The most powerful man in the world is flummoxed by basic grammar.
Practically every week, there's a minor hullabaloo over President Trump's shaky grasp of the English language, from his head-scratching grammatical tics to his painfully obvious misspellings. The errors have become so much of a trademark that his staffers reportedly make them on purpose to imitate his style.
Why all the misspellings? Some seem to be made in genuine error, with Trump's Twitter account deleting and reissuing tweets within a span of several minutes. Others linger long past a reasonable correction window, like neon signs proudly declaring the president's anti-elitist adherence to his own set of language rules. "Some [White House] staff members even relish the scoldings Trump gets from elites shocked by the Trumpian language they strive to imitate, believing that debates over presidential typos fortify the belief within his base that he has the common touch," The Boston Globe floated.
Others have blasted any and all speculation about Trump's misspellings, with The Washington Examiner insisting "sometimes a typo is just a typo." True! But other times, where there is smock, there's fire. Here's an index of Trump's misspellings, and what they all mean.
The common mistakes
President Trump often tweets misspellings that are considered to be frequent mistakes for English speakers. These are typically phonic misspellings, like using an "e" in "separation" rather than an "a," or spelling "honor" with the wrong vowel. These sorts of mistakes aren't a reliable indicator of intelligence, as much as Trump's critics might make them out to be: "[I]f you spell well, you can still do lots of dumb things, and if you spell poorly, you can still be very smart," The New York Times wisely intones. While there is a case to be made that someone should be proofreading the president's tweets before they are fired off to the world, Trump's "common man" spelling errors frequently go uncorrected, suggesting that the White House might even be using this sort of language to come off as relatable to its audience.
Homophones are hard
President Trump frequently stumbles on homophones, accidentally using an incorrect word that sounds like the one that is intended. These mistakes also tend to go uncorrected. Sometimes, though, they backfire, such as when Trump misspelled "Marine Core" and was skewered by veterans groups for the careless mistake. These are more than simple misspellings, as they can change the meaning of the content. As one reader put it to The Washington Post, "If Trump does not distinguish between a 'Special Council' and a 'Special Counsel,' that might explain a lot about his obvious misunderstanding of all that is happening around him."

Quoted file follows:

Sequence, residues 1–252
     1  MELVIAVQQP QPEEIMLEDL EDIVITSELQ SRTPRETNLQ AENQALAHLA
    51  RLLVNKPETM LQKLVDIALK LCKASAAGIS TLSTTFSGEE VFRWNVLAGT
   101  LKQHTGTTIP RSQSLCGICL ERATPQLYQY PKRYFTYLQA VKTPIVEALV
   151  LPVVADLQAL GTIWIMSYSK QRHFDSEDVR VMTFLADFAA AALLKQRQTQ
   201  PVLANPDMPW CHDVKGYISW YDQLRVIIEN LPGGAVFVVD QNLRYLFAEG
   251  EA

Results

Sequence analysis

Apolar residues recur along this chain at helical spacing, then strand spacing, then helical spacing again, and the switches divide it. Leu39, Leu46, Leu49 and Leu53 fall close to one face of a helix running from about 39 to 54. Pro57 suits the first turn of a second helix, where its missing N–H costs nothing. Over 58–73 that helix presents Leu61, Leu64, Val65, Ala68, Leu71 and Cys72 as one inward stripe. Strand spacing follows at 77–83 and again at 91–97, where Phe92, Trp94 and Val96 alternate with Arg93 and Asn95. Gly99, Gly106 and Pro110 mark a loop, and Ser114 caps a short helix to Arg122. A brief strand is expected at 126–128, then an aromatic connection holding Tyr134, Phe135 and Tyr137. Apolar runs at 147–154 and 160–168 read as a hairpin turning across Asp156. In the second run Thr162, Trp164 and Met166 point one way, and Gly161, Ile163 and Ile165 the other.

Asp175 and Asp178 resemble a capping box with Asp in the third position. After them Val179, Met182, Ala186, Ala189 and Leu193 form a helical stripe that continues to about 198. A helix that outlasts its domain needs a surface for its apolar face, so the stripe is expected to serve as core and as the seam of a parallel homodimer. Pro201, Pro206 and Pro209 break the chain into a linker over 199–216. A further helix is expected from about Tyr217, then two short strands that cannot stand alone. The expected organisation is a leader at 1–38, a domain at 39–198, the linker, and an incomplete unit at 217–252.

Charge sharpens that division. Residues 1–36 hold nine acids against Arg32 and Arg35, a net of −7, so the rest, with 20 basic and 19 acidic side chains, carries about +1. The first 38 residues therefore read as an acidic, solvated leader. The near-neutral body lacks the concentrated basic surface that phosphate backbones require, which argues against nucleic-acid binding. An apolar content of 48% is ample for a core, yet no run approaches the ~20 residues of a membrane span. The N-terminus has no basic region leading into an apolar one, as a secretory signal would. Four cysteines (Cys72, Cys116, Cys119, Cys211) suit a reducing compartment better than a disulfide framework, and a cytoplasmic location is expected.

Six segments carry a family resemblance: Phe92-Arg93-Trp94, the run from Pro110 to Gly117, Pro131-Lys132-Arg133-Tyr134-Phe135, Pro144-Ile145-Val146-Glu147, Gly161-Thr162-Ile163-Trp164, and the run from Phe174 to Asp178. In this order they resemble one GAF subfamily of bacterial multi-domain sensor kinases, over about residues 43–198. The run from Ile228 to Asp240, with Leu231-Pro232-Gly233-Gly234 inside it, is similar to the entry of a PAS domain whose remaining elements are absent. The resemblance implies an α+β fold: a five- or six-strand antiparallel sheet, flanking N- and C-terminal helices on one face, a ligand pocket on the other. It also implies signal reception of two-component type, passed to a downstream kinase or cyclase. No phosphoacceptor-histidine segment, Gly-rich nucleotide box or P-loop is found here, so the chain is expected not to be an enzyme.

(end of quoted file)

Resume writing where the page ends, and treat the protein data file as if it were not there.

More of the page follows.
The most entertaining of all the Trump misspellings is the "oopsie," an obvious and often embarrassing mistake. The oopsie cannot be remotely believed to be any sort of gesture at sounding "common." Such misspellings are clearly a mistake — no one would believe Trump thinks "covfefe" or "thr" is a real word — and only serve to highlight the meager vetting process of a Trump tweet before it is sent out into the world. Oopsie tweets are frequently deleted, perhaps because they just make the president seem confused.
The name game
Trump often misspells a person's name. When these tweets target the president's opponents, they come across as a kind of flippant insult on their own (you can't convince me that "Adam Schitt," which was never deleted by Trump's team, is a mistake). Likewise, tweets referencing "Barrack" Obama or "Xi Xinping" seem dashed off to convey how little Trump thinks of the individual. This isn't always true, however: Trump also misspelled the name of his supporter, Bobby Knight, and quickly deleted the tweet and issued a corrected version.
The perils of autocorrect
Even the president can fall victim to awkward autocorrect mistakes. The best known is when Trump announced that his wife, "Melanie," had returned home — "Melanie" being a common correction for "Melania." More telling, perhaps, is that Trump uses his wife's name so infrequently on his phone that it hasn't learned to recognize "Melania" as a name (take it from someone whose name autocorrects to "java").
The classic typo
At last we reach the classic typo, which is exactly what it sounds like. Unlike "common man" misspellings, which one could argue are made with intention, or "oopsies" that result from clumsy fingers, the true typo is a human mistake we all make and hastily correct when we catch it. Misspellings like "waite" or "tapp" seem truly accidental, rather than intentionally misspelled. On the other hand, no category of tweet better encapsulates the hasty nature of the president's unproofread tweets than typos, the English language's simplest and dumbest mistakes. "I know this is not the most important issue in the world," CNN's Brian Stelter told The Nation, "but I do think it's important because it speaks to — if you can't get the small stuff right, can you get the big stuff right like a North Korea summit?"
Sometimes a Trump misspelling is so glaring that it's hard to write off as a mere typo. That's where the category of "baiting" comes in. The most speculative of all of Trump's misspellings, these tweets seem designed to get the media talking about the glaring error in the tweet — while also amplifying Trump's message. It was irresistible to mock Trump's spelling of "smocking" on Monday, for example, but in doing so one also promotes the message that Robert Mueller's investigation is somehow unfounded. Another such example identified by the conservative blog Sparta Report is the repeated misspelling of "counsel" by the president. Sparta Report writes, "Trump, by giving the media something they can devote their petty and insignificant fixation on 'mistakes' made by the president, will get his broader message out to the general public: setting the stage for the special counsel to be fired."